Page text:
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October 20, 2021

Time to increase Canada Pension Plan benefits: poll

Worried that they won't have enough money to enjoy a comfortable retirement, Canadians are pushing for enhancements to the Canada Pension Plan, according to a new poll.

Almost eight in 10 respondents — 78% — said they support increasing CPP benefits. The idea was most popular among those currently earning between $30,000 and $60,000.

Just over 80% said they support increasing Old Age Security payments as well – no mention of just how to do that, of course.

Big labour is certainly on board.

“In terms of social policy, Canada is at a ‘Medicare moment’ not unlike 40 years ago, when as a country we decided that all Canadians deserve universal health care,” says Paul Moist, head of the Canadian Union of Public Employees. “This time, we have a golden opportunity to help this generation and the next retire with dignity.”

All of which suggests that pension reform will be an important issue in the next federal election as politicos roll out their proposed solutions for tackling Canadians' worries about their retirement prospects.

One answer is to increase employer and employee premiums on all earnings up to the CPP’s yearly limit, which is currently set at $47,200 and trims your pay cheque by just about 5% annually – twice that if you work for yourself.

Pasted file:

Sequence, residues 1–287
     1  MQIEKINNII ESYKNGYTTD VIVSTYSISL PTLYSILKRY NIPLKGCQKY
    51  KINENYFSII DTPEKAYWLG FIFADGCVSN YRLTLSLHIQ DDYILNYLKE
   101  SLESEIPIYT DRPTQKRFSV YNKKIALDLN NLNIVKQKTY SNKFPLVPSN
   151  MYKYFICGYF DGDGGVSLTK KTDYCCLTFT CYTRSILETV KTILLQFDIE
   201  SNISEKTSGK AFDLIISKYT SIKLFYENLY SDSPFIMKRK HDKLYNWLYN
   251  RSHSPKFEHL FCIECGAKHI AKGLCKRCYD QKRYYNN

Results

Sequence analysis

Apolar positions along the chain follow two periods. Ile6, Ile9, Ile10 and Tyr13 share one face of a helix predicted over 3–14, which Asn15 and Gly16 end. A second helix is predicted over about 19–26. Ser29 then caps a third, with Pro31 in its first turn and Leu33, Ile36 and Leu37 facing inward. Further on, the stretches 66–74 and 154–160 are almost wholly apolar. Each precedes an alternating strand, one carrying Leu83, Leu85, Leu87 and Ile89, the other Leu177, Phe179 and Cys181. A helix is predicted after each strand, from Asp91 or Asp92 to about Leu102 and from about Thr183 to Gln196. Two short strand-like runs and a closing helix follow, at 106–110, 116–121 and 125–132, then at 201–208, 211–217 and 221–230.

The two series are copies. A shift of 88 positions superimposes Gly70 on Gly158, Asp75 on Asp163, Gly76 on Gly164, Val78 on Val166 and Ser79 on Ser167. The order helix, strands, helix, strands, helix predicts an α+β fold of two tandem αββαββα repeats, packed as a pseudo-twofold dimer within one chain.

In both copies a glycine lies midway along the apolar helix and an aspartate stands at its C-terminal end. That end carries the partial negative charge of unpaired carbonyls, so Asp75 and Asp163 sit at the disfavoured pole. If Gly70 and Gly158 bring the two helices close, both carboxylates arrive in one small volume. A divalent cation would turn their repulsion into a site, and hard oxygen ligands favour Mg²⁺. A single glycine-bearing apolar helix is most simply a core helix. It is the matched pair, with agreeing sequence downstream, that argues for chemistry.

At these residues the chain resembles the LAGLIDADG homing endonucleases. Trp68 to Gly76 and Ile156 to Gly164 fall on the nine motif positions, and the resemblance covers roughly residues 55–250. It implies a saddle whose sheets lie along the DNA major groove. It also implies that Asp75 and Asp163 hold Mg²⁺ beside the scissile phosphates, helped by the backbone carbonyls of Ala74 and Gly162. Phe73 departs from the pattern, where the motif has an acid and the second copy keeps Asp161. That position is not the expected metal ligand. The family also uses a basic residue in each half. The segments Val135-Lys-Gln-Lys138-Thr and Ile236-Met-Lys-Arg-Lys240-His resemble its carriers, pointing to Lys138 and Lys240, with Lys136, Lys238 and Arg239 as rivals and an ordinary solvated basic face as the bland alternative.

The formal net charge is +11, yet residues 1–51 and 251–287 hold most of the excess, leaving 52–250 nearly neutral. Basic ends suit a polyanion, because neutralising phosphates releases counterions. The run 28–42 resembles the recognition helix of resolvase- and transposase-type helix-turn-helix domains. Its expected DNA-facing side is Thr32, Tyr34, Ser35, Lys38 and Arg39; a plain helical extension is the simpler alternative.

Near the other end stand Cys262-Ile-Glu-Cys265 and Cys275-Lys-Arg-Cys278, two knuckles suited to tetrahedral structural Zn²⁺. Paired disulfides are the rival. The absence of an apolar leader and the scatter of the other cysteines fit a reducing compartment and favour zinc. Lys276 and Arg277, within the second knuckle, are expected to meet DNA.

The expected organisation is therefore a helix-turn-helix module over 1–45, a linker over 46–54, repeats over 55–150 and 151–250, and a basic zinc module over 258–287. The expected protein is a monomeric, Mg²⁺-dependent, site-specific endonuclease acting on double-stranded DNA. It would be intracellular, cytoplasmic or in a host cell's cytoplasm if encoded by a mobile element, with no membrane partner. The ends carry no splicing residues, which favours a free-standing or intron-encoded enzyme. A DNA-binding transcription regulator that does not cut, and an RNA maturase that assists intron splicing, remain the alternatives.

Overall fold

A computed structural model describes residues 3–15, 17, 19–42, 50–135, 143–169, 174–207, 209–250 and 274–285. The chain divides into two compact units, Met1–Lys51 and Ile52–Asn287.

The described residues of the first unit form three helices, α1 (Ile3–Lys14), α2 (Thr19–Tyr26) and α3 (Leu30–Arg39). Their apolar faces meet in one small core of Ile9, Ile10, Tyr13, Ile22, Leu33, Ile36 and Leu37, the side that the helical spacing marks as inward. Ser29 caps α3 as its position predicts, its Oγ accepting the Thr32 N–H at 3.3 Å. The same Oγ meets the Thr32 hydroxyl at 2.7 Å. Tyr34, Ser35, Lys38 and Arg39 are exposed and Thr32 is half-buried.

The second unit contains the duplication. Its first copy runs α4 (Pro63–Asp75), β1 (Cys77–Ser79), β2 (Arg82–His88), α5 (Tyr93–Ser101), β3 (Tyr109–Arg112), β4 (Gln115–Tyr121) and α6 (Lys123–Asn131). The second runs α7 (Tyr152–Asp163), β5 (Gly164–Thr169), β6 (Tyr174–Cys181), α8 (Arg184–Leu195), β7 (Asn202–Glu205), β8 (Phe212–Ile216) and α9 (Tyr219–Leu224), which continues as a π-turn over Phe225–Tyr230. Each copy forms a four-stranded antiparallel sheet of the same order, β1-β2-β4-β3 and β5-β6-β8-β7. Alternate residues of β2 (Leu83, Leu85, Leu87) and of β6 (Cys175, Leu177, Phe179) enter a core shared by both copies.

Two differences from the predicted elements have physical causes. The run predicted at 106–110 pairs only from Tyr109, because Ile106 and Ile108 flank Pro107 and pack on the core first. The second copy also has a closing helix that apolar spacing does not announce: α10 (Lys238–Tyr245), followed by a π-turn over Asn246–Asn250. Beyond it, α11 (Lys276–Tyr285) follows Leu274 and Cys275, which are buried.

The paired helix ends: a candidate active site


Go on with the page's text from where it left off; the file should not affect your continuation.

The second option would be to increase that limit, which is currently the more popular choice as it targets middle-income Canadians who aren’t saving enough but wouldn’t break the backs of workers with lower incomes.

Any change to the CPP would require the support of seven provinces, representing more than two-thirds of the population. And there’s certainly no consensus out there.

Alberta, for instance, has voiced strong opposition to any boost in CPP contributions, labelling it another job-killing payroll tax on businesses.

Is it time to revamp the CPP? Would you favour a gradual boost in contribution levels? How much would be too much?

By Gordon Powers, MSN Money



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Gordon PowersGordon Powers

A long-time fund company executive, Gordon Powers now heads up the Affinity Group, a financial services consulting firm. Gordon was a personal finance columnist for the Globe & Mail for many years, has taught retirement planning...

James HaversJames Havers

James is the senior editor of MSN Money living in Toronto. He has worked for the Nikkei Shimbun (Tokyo),,, Canadian Business and other publications. Havers turned to journalism after teaching overseas.

Jason BucklandJason Buckland

The modern-day MC Hammer of money, Jason can often be seen spending cash that isn’t his with the efficiency of a Wilt Chamberlain first date. After cutting his teeth as a reporter for the Toronto Sun, he joined the MSN Money team with...